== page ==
Happy 6th birthday or why I love my Soundman OKM II binaural microphones

Wednesday, October 29th, 2008 | field recording

I was looking through an old diary from 2002 the other day and noticed that on Thursday 3rd October I ordered my pair of Soundman OKM classic II binaural microphones. I got the set with the a3 preamp which costs extra than buying the mics alone. The whole lot came in at £150.18 which was quite an extravagance for me at that time. A quick look at DACS their UK distributor shows that they are still selling for the same price as 6 years ago. 

I distinctly remember being fairly underwhelmed when I received my purchase in the mail a few days later. The all plastic construction of the mics and the pre-amp was more in keeping with a microphone one tenth of the price of the OKM’s. The mics looked for all the world like a really nasty set of 80’s in-ear headphones and the Pre-amp looked especially delicate and I was concerned that I’d break something fairly soon. 

After this fairly lackluster opening my opinion began to change when I started to test them out. The OKM’s are designed to fit into the ear, their capsules pointing outward. Worn like this sound arrives at the microphones in more or less the same way it arrives at your ears which is a technique known as binaural recording. Because of the physical design of the human ear sounds coming from different directions all sound slightly different to us. Sound coming form behind us for example is filtered through the back of the ear and sounds more muffled than sounds emanating from directly in front (try it by clicking your fingers around your head if you don’t believe me). The OKM’s pick all this up really well with an especially good bass response. I have heard criticism of harsh treble and weak lower mids with the OKM’s but I have never had any problems in these areas with my set up.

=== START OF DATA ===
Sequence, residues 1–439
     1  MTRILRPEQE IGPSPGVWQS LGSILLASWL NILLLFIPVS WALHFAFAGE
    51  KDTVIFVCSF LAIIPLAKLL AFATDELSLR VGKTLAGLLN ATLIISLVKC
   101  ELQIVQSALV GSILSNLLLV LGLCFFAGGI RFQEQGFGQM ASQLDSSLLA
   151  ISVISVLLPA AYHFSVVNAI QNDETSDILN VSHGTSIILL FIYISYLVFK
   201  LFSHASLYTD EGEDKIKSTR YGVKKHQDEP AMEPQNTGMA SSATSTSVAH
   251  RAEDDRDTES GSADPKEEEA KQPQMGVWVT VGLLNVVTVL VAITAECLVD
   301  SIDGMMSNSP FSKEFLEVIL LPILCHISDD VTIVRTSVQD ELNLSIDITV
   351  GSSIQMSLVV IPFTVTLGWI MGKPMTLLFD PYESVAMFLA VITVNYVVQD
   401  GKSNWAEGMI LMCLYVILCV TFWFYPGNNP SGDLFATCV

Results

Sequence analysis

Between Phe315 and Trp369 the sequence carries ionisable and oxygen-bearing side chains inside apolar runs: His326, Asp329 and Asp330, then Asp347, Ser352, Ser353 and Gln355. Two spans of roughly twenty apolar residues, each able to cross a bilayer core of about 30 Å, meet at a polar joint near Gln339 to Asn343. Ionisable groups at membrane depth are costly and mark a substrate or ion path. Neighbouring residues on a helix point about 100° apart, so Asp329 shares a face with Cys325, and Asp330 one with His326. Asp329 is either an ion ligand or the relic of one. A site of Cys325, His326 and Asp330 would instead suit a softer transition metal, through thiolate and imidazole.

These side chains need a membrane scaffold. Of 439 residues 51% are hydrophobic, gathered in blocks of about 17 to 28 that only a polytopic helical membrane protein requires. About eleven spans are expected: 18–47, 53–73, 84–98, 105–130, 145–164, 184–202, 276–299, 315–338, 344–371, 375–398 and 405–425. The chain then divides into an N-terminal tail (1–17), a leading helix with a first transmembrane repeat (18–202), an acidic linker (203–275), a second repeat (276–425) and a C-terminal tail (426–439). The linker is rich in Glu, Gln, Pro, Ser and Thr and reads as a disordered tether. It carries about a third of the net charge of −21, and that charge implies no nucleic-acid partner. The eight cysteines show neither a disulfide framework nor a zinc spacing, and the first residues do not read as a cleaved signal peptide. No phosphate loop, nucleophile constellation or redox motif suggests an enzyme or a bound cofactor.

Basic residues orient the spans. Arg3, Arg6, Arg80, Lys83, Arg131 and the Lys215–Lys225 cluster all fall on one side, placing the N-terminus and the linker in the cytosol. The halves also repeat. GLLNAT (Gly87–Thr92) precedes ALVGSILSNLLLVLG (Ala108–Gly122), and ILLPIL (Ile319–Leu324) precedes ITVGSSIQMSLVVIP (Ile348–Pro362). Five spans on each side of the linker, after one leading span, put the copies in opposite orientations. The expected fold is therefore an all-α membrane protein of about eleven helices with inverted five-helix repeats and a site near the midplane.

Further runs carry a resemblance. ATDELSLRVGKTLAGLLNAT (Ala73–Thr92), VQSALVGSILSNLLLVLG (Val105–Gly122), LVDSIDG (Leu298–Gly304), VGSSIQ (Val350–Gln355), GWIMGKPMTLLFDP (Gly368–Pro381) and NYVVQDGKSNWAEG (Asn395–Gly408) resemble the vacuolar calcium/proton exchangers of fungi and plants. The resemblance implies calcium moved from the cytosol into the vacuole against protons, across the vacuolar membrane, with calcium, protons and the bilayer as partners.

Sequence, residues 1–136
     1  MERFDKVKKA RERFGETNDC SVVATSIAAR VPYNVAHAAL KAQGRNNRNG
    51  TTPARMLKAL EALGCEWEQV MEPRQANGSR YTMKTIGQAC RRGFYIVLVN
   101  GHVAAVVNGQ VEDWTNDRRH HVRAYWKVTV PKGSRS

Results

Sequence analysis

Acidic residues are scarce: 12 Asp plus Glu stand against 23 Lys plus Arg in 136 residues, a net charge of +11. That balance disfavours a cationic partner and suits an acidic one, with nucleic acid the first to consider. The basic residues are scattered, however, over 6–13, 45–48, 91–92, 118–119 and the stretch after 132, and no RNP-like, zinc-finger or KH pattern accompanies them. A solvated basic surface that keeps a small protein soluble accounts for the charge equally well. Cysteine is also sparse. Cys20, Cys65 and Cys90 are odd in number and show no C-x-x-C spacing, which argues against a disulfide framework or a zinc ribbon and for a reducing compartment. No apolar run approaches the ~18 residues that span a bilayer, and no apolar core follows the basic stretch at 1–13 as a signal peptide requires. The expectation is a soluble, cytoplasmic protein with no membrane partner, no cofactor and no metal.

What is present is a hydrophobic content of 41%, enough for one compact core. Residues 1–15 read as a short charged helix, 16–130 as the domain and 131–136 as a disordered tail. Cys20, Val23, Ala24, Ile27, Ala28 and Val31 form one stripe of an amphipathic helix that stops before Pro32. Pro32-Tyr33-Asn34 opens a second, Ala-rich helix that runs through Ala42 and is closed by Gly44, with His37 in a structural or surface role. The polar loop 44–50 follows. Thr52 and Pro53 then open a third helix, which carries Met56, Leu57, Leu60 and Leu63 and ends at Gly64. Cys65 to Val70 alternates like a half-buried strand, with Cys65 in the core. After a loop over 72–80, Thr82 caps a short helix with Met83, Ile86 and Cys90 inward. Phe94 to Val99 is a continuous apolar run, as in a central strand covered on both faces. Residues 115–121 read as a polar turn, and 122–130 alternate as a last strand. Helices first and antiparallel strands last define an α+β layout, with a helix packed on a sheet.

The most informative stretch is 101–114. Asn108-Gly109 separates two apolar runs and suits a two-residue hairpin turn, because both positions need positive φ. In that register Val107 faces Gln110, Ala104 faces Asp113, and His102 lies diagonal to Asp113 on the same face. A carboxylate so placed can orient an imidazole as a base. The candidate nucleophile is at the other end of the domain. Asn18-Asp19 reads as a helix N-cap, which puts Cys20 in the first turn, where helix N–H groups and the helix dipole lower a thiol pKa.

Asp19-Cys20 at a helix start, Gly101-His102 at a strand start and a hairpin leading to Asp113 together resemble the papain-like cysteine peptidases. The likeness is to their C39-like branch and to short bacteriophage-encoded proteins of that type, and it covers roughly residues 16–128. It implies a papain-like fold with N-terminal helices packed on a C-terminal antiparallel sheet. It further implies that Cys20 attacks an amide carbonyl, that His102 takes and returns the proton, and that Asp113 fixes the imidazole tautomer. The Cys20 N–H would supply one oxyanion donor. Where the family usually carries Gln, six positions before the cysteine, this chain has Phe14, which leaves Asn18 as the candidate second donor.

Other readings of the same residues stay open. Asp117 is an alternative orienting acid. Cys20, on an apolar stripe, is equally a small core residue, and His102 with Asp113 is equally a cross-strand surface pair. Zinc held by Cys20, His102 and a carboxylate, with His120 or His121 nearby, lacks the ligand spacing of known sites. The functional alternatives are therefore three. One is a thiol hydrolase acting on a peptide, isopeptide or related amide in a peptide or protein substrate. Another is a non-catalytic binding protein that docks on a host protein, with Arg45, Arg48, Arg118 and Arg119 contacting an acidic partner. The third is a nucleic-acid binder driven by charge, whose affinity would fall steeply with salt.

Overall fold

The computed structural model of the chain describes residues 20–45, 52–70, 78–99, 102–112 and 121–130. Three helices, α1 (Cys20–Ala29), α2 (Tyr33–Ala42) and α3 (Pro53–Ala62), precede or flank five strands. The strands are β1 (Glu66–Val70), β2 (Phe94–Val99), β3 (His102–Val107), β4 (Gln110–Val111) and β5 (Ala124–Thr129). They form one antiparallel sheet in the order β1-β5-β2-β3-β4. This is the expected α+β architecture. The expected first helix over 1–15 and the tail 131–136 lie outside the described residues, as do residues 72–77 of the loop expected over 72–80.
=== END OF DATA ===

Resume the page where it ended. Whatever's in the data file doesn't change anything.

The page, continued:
The tiny size and semi-concealed nature of these microphones makes them excellent for field recording where a larger mic may be cumbersome, distracting, or not practical. Recording while riding around on a bicycle springs to mind. Of course you don’t have to wear the mics in your ears, in the time I have had mine I have become quite adept at holding both in one hand and rotating the capsules by rolling their cables between thumb and forefinger to get the desired stereo spread. The mics can also be attached to a dummy head (or any head sized solid object) for recordings where you want a rock solid stereo field. I recently did this for a drum recording where I found that I could not keep my head still enough while playing the drums.